But much of what is in the book is applicable for the CEO as well. For example, if you’re in the process of renovating your offices, you have a choice to create a greener internal environment that promotes the health of your employees and contributes to productivity. Even the smallest of changes can make a difference.
Become a Conscious CEO
In my book, I advocate supporting companies that are committed to operating sustainably and ethically and with values that align with your own. I am a big believer that the more demand there is for products made with fewer toxins and with more responsible methods, the more other companies will follow suit. But I am not alone.
Socially responsible investing is one of the biggest growth areas in financial services, especially among millennials who are increasingly looking at more than just a company’s bottom line when making investment choices. This generation looks to put their money in companies whose values match their own, and meet ESG criteria—the environmental, social, and governance standards as defined by industry leaders like John Streur, CEO of Calvert Investments. An environmentally conscious CEO will help the health of the planet and people living on it at the same time they’re making their companies more attractive to investors.
Be practical. Every company is working within a budget, which means that not every company can make the same changes. If you are running a smaller company, you may not be able to afford to install a new air infiltration system, but most can invest in the addition of green plants which have been shown to increase the humidity and decrease the levels of carbon monoxide and carbon dioxide in the air. Change takes time and this kind of change begins on the inside before it shifts to the outside.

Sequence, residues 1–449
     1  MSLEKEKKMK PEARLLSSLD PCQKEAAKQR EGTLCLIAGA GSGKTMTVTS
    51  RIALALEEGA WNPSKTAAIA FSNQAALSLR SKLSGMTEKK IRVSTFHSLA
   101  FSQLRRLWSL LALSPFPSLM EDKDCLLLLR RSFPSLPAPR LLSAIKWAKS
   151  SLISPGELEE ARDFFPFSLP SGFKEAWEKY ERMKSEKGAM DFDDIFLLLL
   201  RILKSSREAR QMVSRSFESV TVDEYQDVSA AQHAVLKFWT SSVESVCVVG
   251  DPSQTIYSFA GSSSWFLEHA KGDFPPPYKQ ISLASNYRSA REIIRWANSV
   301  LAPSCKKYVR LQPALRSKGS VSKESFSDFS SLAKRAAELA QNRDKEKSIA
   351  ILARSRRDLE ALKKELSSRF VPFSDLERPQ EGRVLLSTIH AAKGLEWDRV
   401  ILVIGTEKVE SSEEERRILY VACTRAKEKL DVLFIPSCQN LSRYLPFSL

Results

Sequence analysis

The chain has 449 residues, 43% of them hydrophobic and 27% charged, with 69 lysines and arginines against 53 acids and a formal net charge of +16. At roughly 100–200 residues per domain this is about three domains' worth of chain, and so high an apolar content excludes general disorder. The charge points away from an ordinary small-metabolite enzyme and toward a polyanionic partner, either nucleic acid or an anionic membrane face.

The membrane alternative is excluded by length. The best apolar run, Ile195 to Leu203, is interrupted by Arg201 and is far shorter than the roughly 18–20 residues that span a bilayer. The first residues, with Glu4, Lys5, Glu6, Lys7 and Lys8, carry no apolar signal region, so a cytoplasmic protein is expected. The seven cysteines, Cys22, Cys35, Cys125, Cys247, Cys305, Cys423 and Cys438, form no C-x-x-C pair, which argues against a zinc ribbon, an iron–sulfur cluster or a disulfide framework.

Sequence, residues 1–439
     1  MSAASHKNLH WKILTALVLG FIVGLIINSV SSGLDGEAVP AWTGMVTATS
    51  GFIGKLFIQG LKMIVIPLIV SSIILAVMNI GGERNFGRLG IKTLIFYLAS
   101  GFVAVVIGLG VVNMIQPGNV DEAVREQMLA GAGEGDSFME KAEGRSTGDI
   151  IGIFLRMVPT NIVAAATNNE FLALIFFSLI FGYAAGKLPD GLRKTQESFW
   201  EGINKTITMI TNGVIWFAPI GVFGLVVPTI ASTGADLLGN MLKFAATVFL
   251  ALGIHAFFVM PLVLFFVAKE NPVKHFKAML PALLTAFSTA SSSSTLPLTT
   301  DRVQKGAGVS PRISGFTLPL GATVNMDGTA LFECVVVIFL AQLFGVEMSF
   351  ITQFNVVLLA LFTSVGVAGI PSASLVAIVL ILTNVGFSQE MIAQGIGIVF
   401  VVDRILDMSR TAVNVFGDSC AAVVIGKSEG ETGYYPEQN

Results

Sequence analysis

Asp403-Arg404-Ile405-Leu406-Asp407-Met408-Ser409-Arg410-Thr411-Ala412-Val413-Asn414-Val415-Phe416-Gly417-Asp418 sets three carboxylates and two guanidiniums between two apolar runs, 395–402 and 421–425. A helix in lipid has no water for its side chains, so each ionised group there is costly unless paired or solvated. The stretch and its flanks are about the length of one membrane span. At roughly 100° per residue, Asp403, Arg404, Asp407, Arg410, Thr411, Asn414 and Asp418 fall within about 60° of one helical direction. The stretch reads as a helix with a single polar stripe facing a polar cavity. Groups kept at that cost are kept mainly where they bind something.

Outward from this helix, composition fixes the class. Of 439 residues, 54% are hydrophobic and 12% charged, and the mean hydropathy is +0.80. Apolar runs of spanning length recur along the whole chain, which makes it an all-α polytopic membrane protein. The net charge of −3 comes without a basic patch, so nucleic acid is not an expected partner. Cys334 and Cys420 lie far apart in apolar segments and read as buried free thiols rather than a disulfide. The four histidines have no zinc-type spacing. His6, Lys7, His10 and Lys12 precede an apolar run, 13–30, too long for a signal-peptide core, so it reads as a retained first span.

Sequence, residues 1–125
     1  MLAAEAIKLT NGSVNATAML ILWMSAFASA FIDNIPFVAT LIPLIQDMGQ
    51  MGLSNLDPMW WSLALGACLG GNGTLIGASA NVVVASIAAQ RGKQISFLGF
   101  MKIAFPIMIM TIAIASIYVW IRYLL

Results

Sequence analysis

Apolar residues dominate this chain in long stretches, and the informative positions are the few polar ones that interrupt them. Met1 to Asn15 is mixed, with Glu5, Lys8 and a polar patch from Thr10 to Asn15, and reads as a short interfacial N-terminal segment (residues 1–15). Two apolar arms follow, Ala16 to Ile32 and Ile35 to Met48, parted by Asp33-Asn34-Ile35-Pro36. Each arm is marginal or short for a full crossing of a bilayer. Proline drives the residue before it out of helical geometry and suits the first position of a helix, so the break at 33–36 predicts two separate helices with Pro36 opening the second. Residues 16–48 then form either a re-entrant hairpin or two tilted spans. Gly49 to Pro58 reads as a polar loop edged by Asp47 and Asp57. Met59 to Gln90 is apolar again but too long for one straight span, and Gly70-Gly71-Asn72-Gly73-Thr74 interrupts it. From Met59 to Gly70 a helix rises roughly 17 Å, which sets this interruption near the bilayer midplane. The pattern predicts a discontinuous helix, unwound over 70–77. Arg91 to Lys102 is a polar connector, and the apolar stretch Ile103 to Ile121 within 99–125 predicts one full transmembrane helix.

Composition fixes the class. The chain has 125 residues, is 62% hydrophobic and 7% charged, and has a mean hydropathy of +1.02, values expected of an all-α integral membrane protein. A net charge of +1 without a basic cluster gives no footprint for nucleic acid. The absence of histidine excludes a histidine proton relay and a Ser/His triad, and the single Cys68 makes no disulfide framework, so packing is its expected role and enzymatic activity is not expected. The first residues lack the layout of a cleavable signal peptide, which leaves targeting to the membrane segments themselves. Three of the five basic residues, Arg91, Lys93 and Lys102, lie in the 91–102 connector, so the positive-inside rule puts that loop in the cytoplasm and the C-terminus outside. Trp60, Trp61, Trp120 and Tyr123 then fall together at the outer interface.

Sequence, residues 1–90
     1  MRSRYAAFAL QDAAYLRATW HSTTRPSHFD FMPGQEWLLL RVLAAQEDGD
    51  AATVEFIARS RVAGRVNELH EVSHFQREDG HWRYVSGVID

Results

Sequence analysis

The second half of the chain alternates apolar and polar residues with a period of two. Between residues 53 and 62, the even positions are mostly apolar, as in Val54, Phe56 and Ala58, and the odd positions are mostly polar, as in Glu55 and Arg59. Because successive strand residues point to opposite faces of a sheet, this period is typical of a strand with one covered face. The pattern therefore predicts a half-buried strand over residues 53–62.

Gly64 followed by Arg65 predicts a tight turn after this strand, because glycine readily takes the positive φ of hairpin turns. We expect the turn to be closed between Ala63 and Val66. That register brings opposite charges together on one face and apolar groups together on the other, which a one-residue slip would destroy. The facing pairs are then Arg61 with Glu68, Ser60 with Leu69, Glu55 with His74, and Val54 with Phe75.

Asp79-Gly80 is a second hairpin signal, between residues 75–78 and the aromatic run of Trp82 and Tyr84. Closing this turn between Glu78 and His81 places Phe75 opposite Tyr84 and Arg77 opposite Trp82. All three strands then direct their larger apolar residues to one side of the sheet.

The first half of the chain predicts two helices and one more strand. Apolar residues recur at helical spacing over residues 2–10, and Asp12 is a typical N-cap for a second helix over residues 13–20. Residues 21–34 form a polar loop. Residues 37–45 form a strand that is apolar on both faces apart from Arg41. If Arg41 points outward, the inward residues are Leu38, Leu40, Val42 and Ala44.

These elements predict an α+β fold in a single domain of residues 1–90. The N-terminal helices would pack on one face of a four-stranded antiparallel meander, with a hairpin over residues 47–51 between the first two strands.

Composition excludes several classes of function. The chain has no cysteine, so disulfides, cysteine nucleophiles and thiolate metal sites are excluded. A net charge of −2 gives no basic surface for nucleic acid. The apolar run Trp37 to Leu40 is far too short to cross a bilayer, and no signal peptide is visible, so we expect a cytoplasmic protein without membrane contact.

Be respectful. Not every CEO has as much autonomy in running the company as others do. While Paul Pohlman was able to create a lasting vision for Unilever, I am sure it required a lot of convincing. If you work for a company that doesn’t understand why you want to change to more sustainable packaging, your challenge is to demonstrate why this not only makes economicsense but it will also make them more marketable to the consumer. They may not necessarily buy into the green greater good, but they do understand that people are using their pocketbooks to make their voices heard and support those who are operating ethically and sustainably.
One of my favorite ways to present someone the chance to look at the same problem from a different perspective is to use the phrase I learned from my friend Peter Norton, the former CEO and founder of Norton Anti-Virus Software. “I would like to offer to disagree.” I have found it one of the best ways to disarm a potential conflict, yet still be respectful and open up a whole new dialog that can lead to a healthier and better place.
Be hopeful. One of downfalls of a greater awareness of the harm we have been doing to our ourselves and the planet is that things can feel pretty dire. They are. But if we let that consume us, we will give up before we even start. That is one of the reasons I advocate that it does not matter how small or big the change is. What matters is that you are taking steps towards making that change and recognizing that you are doing that. It can be as simple as replacing one toxic ingredient from your production process with a greener alternative.